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ARS Home » Plains Area » College Station, Texas » Southern Plains Agricultural Research Center » Crop Germplasm Research » Research » Publications at this Location » Publication #373967

Research Project: Cotton Genetic Resource Management and Genetic Improvement

Location: Crop Germplasm Research

Title: Assessing genetic variation for Fusarium wilt race 4 resistance in tetraploid cotton by screening over three thousand germplasm lines under greenhouse or controlled conditions

item ZHANG, JINFA - New Mexico State University
item ABDELRAHEEM, ABDELRAHEEM - New Mexico State University
item ZHU, YI - New Mexico State University
item WHEELER, TERRY - Texas A&M Agrilife
item DEVER, JANE - Texas A&M Agrilife
item Frelichowski, James - Jim
item Love, Janna
item Ulloa, Mauricio
item Jenkins, Johnie
item McCarty, Jack
item NICHOLS, ROBERT - Cotton, Inc
item WEDEGAERTNER, TOM - Cotton, Inc

Submitted to: Euphytica
Publication Type: Peer Reviewed Journal
Publication Acceptance Date: 6/8/2020
Publication Date: 6/12/2020
Citation: Zhang, J., Abdelraheem, A., Zhu, Y., Wheeler, T.A., Dever, J., Frelichowski, J.E., Love, J., Ulloa, M., Jenkins, J.N., McCarty Jr, J.C., Nichols, R., Wedegaertner, T. 2020. Assessing genetic variation for Fusarium wilt race 4 resistance in tetraploid cotton by screening over three thousand germplasm lines under greenhouse or controlled conditions. Euphytica. 216:108.

Interpretive Summary: Cotton is the most important natural fiber crop for the textile industry, and one of its most destructive diseases worldwide is Fusarium wilt (FOV). This fungus caused wilt and death of plants with tremendous economic losses in cotton production. Resistant cotton varieties or germplasm lines against this fungus is the best method of control. In the USA, FOV race 4 (FOV4) is an emerging threat because no highly resistant commercial cotton variety is available. In this study, a total of 3258 lines with more than 1000 from the USDA-ARS National Cotton Germplasm Collection were screened in a greenhouse under controlled temperatures using soils inoculated with the FOV4 fungus. The overall detection rate of highly resistant lines was less than 1%. Temperature used ranged from 24 - 32 degrees to 20 - 21 degrees Celsius. Great damage to cotton by FOV4 occurs to small plants or seedlings under cold temperatures (20 - 21 degrees), suggesting that low temperature after spring planting under infested FOV4 fields may simulate or increase seedling disease mortality to FOV4. In addition, because of the difficulties of naturally infested FOV4 field screening of a large number of lines, a greenhouse or growth chamber screening under control temperature for resistance to FOV4 can speed up the process of potentially finding resistant lines to improve USA cotton.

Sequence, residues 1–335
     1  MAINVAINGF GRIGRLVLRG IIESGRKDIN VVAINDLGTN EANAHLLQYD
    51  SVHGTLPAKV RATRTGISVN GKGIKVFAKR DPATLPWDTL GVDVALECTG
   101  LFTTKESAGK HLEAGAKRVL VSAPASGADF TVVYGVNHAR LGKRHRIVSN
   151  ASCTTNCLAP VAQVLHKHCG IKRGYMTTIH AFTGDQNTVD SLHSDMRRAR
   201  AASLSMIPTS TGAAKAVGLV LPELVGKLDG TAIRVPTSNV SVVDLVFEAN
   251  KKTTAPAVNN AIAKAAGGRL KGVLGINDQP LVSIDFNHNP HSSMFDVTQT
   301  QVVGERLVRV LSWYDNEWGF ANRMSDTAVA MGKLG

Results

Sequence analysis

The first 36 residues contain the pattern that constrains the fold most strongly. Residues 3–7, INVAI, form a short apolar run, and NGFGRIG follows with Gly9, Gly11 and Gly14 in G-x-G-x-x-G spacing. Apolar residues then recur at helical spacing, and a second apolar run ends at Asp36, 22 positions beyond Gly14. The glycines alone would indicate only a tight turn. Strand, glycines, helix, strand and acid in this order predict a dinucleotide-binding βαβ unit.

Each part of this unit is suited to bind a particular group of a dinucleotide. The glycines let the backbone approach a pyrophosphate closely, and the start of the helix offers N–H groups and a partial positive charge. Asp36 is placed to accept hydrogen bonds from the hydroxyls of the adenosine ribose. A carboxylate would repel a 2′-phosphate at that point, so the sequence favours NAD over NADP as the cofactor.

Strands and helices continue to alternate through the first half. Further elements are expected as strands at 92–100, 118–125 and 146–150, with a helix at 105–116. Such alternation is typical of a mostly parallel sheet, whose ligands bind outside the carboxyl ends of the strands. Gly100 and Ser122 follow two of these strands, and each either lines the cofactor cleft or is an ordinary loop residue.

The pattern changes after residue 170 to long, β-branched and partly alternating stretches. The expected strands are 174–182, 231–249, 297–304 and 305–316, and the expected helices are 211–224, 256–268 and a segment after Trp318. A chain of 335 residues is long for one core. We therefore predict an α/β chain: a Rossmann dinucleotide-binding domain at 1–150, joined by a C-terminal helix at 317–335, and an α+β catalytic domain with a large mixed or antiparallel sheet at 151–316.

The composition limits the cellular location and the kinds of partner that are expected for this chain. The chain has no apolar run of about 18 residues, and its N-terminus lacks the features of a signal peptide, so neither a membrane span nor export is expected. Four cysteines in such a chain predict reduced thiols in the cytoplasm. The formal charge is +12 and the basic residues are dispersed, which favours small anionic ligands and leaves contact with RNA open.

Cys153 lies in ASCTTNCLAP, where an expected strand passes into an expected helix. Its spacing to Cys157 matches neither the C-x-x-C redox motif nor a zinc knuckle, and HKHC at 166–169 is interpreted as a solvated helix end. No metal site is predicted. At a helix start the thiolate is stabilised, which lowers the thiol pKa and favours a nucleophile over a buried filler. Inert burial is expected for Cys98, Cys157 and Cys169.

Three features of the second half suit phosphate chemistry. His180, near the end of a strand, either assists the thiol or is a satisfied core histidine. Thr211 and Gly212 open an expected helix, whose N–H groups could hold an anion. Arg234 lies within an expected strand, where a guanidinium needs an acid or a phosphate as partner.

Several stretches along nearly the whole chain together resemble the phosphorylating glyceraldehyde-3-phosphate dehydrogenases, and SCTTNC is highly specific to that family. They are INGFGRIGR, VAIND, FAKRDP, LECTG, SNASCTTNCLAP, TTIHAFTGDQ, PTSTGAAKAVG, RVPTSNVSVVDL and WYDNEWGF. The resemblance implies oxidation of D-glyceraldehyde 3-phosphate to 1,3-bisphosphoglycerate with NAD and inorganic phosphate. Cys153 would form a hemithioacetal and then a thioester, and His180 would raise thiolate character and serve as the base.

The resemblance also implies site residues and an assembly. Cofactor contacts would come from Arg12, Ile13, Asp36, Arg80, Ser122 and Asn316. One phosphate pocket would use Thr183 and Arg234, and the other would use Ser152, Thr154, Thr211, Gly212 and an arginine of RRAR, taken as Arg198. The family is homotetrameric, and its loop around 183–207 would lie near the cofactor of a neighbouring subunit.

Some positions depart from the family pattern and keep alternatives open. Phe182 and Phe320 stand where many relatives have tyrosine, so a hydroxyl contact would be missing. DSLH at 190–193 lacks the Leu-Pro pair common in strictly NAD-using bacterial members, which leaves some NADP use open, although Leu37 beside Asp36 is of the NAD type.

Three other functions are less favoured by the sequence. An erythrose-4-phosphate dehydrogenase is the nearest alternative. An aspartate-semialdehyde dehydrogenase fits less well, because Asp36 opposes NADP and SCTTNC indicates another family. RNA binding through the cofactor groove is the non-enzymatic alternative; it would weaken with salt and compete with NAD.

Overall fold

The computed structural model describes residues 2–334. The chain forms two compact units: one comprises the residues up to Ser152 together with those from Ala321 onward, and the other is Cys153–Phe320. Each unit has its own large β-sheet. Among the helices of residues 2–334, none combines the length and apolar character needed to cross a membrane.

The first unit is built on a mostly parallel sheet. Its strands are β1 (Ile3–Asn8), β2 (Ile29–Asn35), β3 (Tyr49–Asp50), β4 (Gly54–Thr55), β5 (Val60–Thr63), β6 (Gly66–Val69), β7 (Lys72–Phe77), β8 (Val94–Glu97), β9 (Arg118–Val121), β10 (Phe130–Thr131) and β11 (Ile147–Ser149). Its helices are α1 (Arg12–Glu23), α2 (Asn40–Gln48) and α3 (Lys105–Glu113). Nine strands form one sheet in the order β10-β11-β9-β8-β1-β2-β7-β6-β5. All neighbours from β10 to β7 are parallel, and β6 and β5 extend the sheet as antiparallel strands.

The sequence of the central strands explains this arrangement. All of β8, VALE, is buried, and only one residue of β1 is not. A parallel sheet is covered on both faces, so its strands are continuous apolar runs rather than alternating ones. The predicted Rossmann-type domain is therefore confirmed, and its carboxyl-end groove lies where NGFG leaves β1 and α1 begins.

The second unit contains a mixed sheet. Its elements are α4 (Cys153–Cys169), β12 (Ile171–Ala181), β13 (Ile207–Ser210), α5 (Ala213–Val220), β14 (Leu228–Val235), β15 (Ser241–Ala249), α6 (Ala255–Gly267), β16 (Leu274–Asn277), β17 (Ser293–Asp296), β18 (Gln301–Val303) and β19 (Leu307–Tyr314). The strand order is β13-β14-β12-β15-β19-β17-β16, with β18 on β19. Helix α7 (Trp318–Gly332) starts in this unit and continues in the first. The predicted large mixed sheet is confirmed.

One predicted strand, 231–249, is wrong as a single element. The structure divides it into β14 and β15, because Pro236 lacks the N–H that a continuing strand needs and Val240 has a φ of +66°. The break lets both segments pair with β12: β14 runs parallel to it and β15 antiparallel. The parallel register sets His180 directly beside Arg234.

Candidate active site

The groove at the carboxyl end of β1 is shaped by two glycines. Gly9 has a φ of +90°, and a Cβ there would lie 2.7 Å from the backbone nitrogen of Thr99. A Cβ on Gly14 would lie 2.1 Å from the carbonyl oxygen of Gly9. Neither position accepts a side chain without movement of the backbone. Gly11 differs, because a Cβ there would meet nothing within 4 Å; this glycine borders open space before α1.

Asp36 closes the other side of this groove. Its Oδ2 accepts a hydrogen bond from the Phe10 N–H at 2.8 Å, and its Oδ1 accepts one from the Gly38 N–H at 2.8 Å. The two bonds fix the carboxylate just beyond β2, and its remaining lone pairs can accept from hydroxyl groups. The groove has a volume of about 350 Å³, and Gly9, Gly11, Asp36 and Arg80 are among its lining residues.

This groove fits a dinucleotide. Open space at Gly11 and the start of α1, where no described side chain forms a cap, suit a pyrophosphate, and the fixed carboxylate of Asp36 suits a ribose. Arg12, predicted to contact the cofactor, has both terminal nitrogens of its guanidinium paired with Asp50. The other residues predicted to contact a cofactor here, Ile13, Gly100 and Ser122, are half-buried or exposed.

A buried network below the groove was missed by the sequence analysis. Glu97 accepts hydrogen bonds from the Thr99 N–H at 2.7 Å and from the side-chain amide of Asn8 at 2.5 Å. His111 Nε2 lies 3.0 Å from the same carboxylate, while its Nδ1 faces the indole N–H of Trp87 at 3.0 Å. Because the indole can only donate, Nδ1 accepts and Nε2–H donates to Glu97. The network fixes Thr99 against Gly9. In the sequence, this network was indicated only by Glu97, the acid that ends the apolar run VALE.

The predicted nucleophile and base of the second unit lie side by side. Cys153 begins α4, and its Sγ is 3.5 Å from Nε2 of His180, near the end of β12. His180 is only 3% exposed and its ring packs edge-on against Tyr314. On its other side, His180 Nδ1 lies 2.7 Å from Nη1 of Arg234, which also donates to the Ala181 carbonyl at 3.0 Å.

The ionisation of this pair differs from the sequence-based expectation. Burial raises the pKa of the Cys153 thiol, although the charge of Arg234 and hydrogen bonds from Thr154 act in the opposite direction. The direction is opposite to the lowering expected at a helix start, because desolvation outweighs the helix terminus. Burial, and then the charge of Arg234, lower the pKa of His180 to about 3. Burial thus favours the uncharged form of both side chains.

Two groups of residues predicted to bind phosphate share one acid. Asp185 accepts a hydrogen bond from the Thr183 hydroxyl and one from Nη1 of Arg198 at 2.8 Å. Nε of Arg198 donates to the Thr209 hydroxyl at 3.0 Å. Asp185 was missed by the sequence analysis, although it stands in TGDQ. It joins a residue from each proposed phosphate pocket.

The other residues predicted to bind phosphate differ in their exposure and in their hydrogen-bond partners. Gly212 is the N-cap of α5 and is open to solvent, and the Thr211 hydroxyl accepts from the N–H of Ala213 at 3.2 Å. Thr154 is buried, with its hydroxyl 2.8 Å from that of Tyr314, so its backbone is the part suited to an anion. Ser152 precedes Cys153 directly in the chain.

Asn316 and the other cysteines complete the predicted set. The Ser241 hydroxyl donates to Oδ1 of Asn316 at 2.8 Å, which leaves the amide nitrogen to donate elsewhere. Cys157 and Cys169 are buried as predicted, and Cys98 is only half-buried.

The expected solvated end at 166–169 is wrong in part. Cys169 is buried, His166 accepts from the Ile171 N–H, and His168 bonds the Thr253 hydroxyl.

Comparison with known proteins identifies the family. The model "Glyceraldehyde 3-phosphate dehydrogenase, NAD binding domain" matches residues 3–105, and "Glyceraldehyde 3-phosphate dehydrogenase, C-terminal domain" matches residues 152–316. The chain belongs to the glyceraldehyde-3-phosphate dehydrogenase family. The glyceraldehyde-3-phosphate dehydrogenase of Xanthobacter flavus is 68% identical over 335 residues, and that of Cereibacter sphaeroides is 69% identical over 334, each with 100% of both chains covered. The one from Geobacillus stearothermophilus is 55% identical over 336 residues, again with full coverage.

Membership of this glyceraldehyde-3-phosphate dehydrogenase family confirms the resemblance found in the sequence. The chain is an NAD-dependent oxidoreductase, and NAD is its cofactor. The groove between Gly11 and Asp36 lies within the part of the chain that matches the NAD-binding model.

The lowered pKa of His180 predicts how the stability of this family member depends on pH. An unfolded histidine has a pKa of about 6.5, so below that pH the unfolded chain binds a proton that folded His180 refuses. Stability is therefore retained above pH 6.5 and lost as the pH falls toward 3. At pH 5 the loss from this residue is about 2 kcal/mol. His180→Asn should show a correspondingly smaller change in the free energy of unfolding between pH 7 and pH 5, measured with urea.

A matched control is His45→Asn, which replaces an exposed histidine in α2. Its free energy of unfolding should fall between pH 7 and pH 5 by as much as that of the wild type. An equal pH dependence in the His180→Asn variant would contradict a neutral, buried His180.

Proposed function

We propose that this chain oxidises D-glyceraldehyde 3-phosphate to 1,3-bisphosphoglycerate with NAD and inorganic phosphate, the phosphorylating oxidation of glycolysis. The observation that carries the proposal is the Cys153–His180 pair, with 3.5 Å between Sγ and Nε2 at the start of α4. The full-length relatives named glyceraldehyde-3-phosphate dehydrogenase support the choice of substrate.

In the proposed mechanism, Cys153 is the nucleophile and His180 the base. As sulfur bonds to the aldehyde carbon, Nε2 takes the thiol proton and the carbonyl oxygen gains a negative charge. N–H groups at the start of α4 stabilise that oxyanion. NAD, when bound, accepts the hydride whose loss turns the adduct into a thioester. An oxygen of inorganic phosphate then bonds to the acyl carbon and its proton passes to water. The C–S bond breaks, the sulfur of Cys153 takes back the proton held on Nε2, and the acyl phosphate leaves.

Technical Abstract: Cotton (Gossypium spp.) is the most important natural fiber crop for the textile industry. Fusarium wilt, caused by Fusarium oxysporum f. sp. vasinfectum (FOV) with eight races, is one of the most destructive diseases in cotton. FOV race 4 (FOV4) is an emerging threat to cotton production in the US. In this study, a total of 3,258 lines including 3088 Upland cotton (G. hirsutum L.) lines and 170 Pima lines (G. barbadense L.) were evaluated in 21 tests in greenhouses or in temperature-controlled growth chambers for resistance to FOV4. A total of 2,224 lines from 13 tests were screened in commercial potting soil in the greenhouse under higher temperature (HT) conditions (24-32 degrees C), while 1,204 lines from 8 tests were screened in FOV4-infected farm soil in growth chambers at a lower temperature (LT) setting (20-21 degrees C), both with artificial inoculations. A subset of 170 Pima lines was evaluated in both temperature regimes. The results showed that, at 30 days post inoculation, both temperature regimes produced similar disease incidence (81.2 for HT vs. 86.8% for LT, P>0.05), but LT caused significantly higher disease severity ratings (DSR, 3.86 vs. 1.94) and plant mortality (81.7 vs. 7.5%) than HT. DSR and morality rate were highly significantly correlated at LT. Using the FOV4-infected soil and LT to screen 1,204 Upland and Pima germplasm lines with 20-40 plants for each line, 48.09% showed 100% mortality; 21.60% had a mortality rate between 70 and 99%; 5.33% had mortality below 30%; and 0.50% (6 lines) did not display any apparent FOV4 symptoms. The results indicated that FOV4 resistance may be heterogeneous in many existing germplasms and pedigree selection may increase frequencies of resistant plants. The study represents one of the first publicly reported large-scale screenings of cotton for FOV4 resistance in the US, providing useful information for breeding cotton for FOV4 resistance.